market, acquisition of assets on lease and mergers take-over of existing units.
Finance companies offer the entire range of financial services to individuals and corporates.
Leasing companies operate four types of leases: (I) operating lease, (ii)financial lease, (iii) sale and
leaseback transaction and (iv),the leveraged lease.
Technical Consultancy Organisations (TCOs) cater to the consultancy needs of small and medium
industry and also for the new entrepreneur.
Management institutes sponsored by development financial „institutions are engaged in developing
and upgrading the managerial ability and managerial talents of the practising managers.
STEPS interface between Science & Technology institutes and industry
Entrepreneurial development institutes sponsored by financial institutions are engaged in the crucial
task of entrepreneurship development and research.

The Financia/Deve1opment Institutions extends assistance of

1. Equity participation in joint ventures.
2. Equity participation in private and public limited companies to the extent of shortfall in
promoters‟ contributions.
3. Essential loans to private and public limited companies for promotion of the industry.
4. Setting up units in the public sector for optimum utilisation of the State‟s resources where private
capital is non-existent — a pace-setter for future
private investment.
5. Project identification/technical consultancy for new projects — guidance; investigation;
feasibility and other studies.
6. Plant location: guidance on incentives, raw materials etc., specialised help for NRJs.
7. Industrial escort, free liaison with related government agencies; upgradation of infrastructure.
8. Merchant banking, company formation, and public issues.
9. Equipment finance.
10. Equipment leasing.
11. Priority assistance to NRIs.
12. Seed capital for technocrats.
13. Term lending.

financial institutions
financial institutions are playing a key role in providing finance and counselling to the
entrepreneurs to start new ventures as well as modernise, diversify and even rehabilitate sick
enterprises. In the scale and scope of operation of various development banks (institutions) which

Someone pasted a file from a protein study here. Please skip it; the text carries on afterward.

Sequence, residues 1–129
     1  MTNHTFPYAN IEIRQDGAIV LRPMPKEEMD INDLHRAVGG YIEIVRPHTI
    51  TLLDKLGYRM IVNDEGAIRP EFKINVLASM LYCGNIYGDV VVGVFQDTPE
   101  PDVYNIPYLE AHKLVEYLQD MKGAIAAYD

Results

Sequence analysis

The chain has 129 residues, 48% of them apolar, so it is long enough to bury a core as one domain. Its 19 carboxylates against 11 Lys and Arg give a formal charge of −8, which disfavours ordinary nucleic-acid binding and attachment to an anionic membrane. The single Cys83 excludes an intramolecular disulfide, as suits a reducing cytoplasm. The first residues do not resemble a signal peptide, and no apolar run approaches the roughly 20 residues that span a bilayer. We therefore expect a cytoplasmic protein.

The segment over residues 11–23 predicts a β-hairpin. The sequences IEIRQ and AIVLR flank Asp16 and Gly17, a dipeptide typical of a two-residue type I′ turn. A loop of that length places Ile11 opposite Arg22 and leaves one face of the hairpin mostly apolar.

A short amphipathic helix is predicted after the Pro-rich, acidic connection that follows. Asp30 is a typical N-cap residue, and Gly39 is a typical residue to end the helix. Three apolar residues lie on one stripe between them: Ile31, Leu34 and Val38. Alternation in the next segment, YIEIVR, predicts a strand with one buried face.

have been rendering financial assistance, directly or indirectly, to entrepreneurs and their various


Incorporation and Purpose
The Industrial Finance Corporation of India (IFCI) was established in 1948 under an Act of
Parliament with the object of providing medium and long-term credit to industrial concerns in
India. IFCI transformed into a corporation from 21st May, 1993 to provide greater flexibility to
respond to the needs of the rapidly changing financial system.
The Board of Directors consists of a whole-time Chairman and twelve directors.
The Chairman is appointed by the Central Government after consultation with the IDBI.
Two directors are nominated by the Central Government and four by the IDBI. Six
Directors are elected by shareholders other than the IDBI.
Financial assistance provided by the IFCI can be in one or more of the following forms:
— Rupee and foreign currency term loans
— Underwriting of share and debenture issues
— Direct subscription to equity
— Guarantees
— Soft loans
— Equipment financing
Projects costing up to Rs. 300 lakh are financed by the State Financial Corporations, State
Industrial Development Corporations and Commercial banks under the refinance scheme of the
IDBI. Only projects costing in excess of Rs. 300 lakh are considered for assistance
Forms of Assistance
Section 23 of the IFCI Act outlines the types of activities which the Corporation
—is--authorised to undertake. These are indicated below with the year in which it was authorised to
undertake each type of activity shown within the brackets.
(a) Granting loans on subscribing to debentures repayable within a period not
exceeding 25 years. (b) Underwriting the issue of stock, shares, bonds or debentures by industrial